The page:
EPA Accuses Dallas-based Luminant's North Texas Power Plants of Clean Air Act Violations

Dallas-based Luminant, the electricity generation arm of Energy Future Holdings, got hit with a violation notice from the EPA Friday, accusing it of completing major modifications to its northeast Texas coal-fired plants, Big Brown and Martin Lake, without installing modern pollution control devices.

The notice of violation says the modifications resulted in "significant" increases in the amount of sulfur dioxide and nitrogen oxide the plants release.

Luminant's parent company, Energy Future Holdings, has for the last few years struggled under the weight of the largest leveraged buyout in history, which saddled the company with many billions in debt. Low natural gas prices have generally eroded at the profitability of coal-fired plants. But Energy Future Holdings, at root a big gamble on the sustained high price of natural gas, could scarcely afford to take the hit. It sued the EPA last year over a regulation that would force it to install costly pollution controls like updated scrubbers and bag houses -- removing the very pollutant the agency accuses the plants of emitting more of.

A Luminant spokesperson, Allan Koenig, says the company is evaluating the EPA's claims. "We firmly believe that we have complied with all requirements of the Clean Air Act at these and our other generation facilities. However, until we have completed our review of EPA's specific claims, we feel it would be premature to comment further."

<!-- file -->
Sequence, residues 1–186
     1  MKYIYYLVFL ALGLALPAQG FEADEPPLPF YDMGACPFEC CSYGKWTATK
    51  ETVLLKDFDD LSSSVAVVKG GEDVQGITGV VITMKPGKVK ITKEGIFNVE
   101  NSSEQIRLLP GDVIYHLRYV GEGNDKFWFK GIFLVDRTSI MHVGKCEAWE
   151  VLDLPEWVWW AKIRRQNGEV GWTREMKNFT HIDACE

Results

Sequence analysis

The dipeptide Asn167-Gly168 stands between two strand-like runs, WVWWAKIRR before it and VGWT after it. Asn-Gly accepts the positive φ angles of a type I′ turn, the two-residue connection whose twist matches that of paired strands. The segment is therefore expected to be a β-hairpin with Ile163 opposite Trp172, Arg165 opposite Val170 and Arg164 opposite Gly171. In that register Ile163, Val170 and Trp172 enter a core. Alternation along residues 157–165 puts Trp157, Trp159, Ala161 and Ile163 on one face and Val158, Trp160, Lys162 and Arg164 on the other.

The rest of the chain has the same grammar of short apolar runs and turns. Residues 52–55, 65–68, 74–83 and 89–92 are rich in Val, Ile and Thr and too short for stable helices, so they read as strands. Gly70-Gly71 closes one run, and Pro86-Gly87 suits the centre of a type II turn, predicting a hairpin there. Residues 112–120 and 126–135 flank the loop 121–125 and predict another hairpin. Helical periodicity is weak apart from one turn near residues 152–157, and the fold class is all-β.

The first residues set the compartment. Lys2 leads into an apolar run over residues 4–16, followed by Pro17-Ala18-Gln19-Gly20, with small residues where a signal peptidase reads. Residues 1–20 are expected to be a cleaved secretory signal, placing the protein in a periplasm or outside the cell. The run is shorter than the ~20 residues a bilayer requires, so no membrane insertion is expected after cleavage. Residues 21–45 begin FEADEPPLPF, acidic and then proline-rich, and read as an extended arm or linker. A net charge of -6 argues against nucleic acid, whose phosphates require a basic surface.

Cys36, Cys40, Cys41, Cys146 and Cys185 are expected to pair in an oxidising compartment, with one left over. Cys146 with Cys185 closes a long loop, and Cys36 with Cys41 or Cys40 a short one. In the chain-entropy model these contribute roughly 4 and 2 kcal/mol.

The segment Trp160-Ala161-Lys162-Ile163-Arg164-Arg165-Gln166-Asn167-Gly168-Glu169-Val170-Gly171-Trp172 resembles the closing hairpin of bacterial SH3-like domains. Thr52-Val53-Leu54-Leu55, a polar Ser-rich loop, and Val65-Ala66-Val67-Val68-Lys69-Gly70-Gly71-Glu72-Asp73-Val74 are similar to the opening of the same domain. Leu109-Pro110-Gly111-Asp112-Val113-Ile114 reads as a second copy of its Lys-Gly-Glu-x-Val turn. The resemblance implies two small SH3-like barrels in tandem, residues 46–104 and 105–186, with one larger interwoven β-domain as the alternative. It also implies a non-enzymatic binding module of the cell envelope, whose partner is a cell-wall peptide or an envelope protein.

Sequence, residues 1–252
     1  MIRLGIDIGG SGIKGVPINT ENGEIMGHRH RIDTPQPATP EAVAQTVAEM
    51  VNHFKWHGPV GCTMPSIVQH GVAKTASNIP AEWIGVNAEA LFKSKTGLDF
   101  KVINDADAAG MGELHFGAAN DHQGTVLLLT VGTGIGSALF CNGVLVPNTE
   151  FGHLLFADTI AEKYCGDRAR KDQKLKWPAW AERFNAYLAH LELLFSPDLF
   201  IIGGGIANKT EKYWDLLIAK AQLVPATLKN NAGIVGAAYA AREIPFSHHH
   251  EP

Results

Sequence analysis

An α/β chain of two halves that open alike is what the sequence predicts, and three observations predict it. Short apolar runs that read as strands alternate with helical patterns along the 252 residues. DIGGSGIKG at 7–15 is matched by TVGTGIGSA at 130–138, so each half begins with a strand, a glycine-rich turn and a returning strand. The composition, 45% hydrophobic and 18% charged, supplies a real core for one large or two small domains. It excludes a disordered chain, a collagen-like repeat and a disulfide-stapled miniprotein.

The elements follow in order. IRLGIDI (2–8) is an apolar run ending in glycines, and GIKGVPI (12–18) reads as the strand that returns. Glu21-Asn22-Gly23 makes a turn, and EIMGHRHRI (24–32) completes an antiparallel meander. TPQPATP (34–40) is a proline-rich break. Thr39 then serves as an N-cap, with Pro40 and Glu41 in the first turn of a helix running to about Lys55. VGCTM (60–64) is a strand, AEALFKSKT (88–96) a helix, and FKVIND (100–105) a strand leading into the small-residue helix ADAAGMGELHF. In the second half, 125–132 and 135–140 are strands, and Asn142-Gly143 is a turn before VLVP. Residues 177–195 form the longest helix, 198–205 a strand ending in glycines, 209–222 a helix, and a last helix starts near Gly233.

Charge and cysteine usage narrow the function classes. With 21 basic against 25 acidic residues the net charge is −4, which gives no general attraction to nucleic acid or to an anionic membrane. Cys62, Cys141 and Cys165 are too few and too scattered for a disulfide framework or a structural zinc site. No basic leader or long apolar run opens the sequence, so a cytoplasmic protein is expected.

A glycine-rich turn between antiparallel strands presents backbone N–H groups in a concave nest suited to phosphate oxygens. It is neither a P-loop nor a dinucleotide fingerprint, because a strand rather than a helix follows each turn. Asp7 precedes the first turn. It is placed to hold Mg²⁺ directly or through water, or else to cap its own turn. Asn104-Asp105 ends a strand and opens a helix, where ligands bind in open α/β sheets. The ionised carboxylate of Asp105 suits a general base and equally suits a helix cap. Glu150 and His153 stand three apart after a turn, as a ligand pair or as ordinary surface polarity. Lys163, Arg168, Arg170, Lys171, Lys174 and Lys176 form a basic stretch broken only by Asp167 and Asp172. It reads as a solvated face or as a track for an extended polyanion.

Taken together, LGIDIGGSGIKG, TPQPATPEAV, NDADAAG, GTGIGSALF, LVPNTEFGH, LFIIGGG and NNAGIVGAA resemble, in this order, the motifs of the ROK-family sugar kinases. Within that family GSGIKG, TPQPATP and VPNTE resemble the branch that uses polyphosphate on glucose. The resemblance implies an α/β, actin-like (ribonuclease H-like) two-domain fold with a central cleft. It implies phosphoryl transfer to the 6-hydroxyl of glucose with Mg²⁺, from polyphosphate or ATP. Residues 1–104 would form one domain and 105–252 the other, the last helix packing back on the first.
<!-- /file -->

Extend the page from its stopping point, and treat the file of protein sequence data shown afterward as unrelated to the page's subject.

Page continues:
We couldn't get anyone from agency on the phone as of this posting. Ilan Levin of the Environmental Integrity Project, which has sued Luminant in the past, says Congress grandfathered utilities like Luminant from compliance with the Clean Air Act at its passage in 1977. Generators argued that it made little sense to spend millions retrofitting a plant that might have a useful life measuring only in a couple of decades or less. The grandfathering resulted in a rush of power plant construction before the law went into effect, Levin says.

But if a power plant is significantly modified in a way that would increase its generating capability or prolong its life, it loses that status. Utilities are required to pony up and install modern pollution controls. Luminant, the EPA claims, updated its plants but not its pollution controls.

"We firmly believe Luminant made major modifications over the years and they have not gone through the permitting process," Levin says. "And it's not just paperwork. It should result in massive pollution reductions and big pollution control projects. A scrubber can cost many hundreds of millions of dollars, and can take years in construction."